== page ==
Undergraduate Symposium shows value of mentorship
The annual Undergraduate Symposium is an opportunity for students to show what they’ve learned — think of it as a show-and-tell at the college level. But an important part of that learning has been made possible through students having a strong mentor.
Now in its 20th year, the event takes place Friday, April 13, at Union South and showcases undergraduate creativity, achievement, research, service-learning and community-based research from all areas of study at UW–Madison, including the humanities, fine arts, biological sciences, physical sciences and social sciences. This year nearly 600 students will present, display or perform their work for members of the university, the surrounding community, family, friends and the mentors who have helped them along the way.
Sanober Mirza will be presenting her Senior Honors Thesis work on how tropical forest secondary succession on abandoned pastures influences variation in nitrogen cycling. She has been working with Professor Erika Marin-Spiotta since she began college, working in her lab through the Undergraduate Research Scholars Program.
“She has been the best mentor I could ask for because she has constantly pushed and guided me in the research process, our specific research topics, presentation skills, personal growth, community engagement, and much more,” Mirza says. “She has also encouraged me to ask questions and apply for many competitive grants to fund my own work. She really helped propel me into independent research and has trusted me to work on projects for her while also conducting work of my own.”
In her sophomore year, they came up with a project after Mirza found an interest in how nitrogen processes change throughout succession and how human activities, such as deforestation, can affect them. Marin-Spiotta has expertise in tropical nutrient cycling and biodiversity, so her guidance helped Mirza develop the project and find the right resources.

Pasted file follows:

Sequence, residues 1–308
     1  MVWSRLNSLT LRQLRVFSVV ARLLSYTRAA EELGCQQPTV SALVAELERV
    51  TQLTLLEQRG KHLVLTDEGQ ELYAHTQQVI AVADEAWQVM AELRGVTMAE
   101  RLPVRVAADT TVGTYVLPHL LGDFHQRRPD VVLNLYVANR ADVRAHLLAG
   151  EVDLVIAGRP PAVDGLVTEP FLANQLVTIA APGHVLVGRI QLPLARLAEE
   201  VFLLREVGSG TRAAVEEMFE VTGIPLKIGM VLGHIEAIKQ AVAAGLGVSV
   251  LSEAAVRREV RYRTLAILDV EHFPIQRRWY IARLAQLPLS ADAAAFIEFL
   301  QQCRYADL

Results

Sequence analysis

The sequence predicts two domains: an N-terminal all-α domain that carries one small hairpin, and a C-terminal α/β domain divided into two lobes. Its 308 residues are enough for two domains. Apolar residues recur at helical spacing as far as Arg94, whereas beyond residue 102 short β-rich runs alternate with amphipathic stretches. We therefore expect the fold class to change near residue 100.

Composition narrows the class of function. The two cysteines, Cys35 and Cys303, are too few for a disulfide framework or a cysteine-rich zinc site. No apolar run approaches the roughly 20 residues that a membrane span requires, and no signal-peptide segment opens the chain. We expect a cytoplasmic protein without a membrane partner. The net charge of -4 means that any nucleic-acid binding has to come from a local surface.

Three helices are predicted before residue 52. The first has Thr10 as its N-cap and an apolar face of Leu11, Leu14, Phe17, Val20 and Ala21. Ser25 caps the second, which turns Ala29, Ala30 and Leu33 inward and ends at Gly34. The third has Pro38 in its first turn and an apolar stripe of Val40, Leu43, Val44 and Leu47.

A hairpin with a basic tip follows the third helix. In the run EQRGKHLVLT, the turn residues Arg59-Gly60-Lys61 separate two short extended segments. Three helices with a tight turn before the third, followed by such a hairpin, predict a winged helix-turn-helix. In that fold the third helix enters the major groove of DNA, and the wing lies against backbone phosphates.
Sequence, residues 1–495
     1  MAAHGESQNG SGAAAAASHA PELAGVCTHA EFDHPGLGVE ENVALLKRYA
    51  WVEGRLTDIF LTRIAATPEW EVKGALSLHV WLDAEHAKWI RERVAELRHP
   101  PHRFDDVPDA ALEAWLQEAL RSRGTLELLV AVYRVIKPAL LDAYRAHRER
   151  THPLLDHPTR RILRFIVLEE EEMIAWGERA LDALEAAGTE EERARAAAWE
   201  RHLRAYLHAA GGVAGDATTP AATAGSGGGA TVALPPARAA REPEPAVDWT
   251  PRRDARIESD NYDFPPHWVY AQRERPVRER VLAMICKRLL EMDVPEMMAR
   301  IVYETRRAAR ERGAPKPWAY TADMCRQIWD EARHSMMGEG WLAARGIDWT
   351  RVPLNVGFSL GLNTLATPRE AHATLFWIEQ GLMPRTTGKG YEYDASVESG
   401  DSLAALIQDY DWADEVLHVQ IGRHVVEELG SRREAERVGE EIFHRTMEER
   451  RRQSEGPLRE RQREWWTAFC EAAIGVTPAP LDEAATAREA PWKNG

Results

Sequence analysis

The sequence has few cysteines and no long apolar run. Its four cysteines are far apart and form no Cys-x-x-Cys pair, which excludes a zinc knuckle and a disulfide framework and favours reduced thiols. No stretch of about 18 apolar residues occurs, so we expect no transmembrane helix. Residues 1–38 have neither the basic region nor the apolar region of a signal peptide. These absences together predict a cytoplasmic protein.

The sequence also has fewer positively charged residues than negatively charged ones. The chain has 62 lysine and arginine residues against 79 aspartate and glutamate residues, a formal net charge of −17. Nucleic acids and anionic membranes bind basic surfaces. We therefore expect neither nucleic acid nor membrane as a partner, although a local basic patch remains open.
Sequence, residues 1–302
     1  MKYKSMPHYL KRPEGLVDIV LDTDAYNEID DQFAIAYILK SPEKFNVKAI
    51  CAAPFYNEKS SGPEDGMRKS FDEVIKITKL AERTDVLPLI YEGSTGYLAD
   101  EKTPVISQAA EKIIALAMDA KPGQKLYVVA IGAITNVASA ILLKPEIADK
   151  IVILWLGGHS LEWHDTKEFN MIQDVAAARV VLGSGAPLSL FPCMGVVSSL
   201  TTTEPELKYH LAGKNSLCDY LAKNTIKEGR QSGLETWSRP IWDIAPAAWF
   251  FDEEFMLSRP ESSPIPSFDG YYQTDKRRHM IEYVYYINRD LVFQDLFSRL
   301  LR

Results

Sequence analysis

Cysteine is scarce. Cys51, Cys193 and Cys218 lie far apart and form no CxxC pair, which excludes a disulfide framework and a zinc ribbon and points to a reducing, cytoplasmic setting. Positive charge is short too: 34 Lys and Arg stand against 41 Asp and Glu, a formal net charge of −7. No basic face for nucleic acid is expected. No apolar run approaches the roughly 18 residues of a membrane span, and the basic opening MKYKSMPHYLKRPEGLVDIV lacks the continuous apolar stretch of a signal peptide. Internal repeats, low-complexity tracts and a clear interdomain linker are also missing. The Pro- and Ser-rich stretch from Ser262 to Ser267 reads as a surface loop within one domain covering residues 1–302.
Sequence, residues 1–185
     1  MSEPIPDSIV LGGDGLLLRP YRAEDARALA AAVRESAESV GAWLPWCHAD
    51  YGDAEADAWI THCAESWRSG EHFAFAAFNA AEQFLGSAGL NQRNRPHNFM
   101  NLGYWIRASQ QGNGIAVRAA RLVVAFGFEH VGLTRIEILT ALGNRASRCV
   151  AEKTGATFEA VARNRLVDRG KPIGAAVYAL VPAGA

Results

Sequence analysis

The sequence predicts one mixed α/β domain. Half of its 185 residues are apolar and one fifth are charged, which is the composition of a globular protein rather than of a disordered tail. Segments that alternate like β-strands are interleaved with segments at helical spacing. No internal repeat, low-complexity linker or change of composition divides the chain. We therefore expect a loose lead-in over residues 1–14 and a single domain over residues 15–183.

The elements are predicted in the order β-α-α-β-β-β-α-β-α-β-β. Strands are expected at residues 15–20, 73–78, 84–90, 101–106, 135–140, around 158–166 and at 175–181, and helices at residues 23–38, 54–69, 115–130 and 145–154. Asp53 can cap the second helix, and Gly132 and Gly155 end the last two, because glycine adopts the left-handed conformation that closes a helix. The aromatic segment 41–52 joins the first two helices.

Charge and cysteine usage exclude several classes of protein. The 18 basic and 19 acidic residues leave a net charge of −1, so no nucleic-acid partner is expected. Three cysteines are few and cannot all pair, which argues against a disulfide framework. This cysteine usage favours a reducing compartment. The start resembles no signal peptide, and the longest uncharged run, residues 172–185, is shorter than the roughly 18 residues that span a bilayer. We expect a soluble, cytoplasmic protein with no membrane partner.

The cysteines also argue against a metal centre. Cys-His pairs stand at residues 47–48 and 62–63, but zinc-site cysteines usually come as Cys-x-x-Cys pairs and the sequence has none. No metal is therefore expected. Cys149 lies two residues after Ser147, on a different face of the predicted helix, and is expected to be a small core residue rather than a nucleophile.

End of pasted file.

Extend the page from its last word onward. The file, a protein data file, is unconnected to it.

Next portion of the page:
“I think a lot of discussions about climate change have a focus on carbon cycling. However, I hope one take-away from my presentation is that nitrogen plays an extremely important role in the global climate,” Mirza says. “Since the focus of my work is secondary succession on abandoned pastures, I hope people learn about different ways human activity is affecting nutrient cycling so they can critically think about how actions they take can support more sustainable practices.”
Mirza recently took on a mentor role as a teaching fellow for the Undergraduate Research Scholars Program, which helped her get involved in Marin-Spiotta’s lab in the first place. She’s enjoying the experience and is interested in continuing this role throughout her career, and she plans on mentoring students from underserved communities.
“I think it is critical for a good mentor to really care about both mentorship and their work,” Mirza says. “Forming a connection with a good mentor goes beyond discussing research topics. I think good mentorship comes from support in all forms, whether it is professional, personal, or something else. Also patience is extremely important, as mentorship takes plenty of time.”
Sara McKinnon, an associate professor in communication arts, has been working with student MacKenzie Berry for more than two years.
“Each student I mentor is different, each with unique goals, personalities, and visions for their work. As a mentor, I start with trying to get a sense of who the student is, how they work, and where they want to go with their project and personal development,” McKinnon says. “I try to offer my full support, expertise, experience, and connections toward realizing their vision, with their personality, work-style, and background in mind. Mentoring is about relationship-building and seeing students as whole human beings.”
McKinnon knows firsthand the power of mentorship. She has and continues to have many mentors and says she takes the “more is better” approach.
“My mentors have helped me reach important professional milestones, like publishing a first book, and earning tenure. But more importantly, my mentors have taught me how to live well in this world,” McKinnon says. “They are who I turn to in challenging moments of my life, moments when I’m faced with hard decisions, or life-changing circumstances. Their insight is what I use to decide where to go and how to move.”
She hopes that the students she has mentored pay it forward by becoming mentors. Not only to help others but for what they can also learn from the experience.
“I learn about the world and ways of being, through the experiences, projects and visions of my mentors. I would not understand humanity with as much complexity as I do, without the great learning that each of my mentees has taught me,” McKinnon says. “Mentors are an essential part of living well. They are our teachers and counselors in the practice of living fully in this world.”
The Undergraduate Symposium is sponsored by Brittingham Trust and the Office of the Provost, through the stewardship of the General Library System, Chancellor’s and Powers-Knapp Scholarship Programs, Undergraduate Research Scholars Program, WISCIENCE, the Morgridge Center for Public Service, the Writing Center and the Wisconsin Union.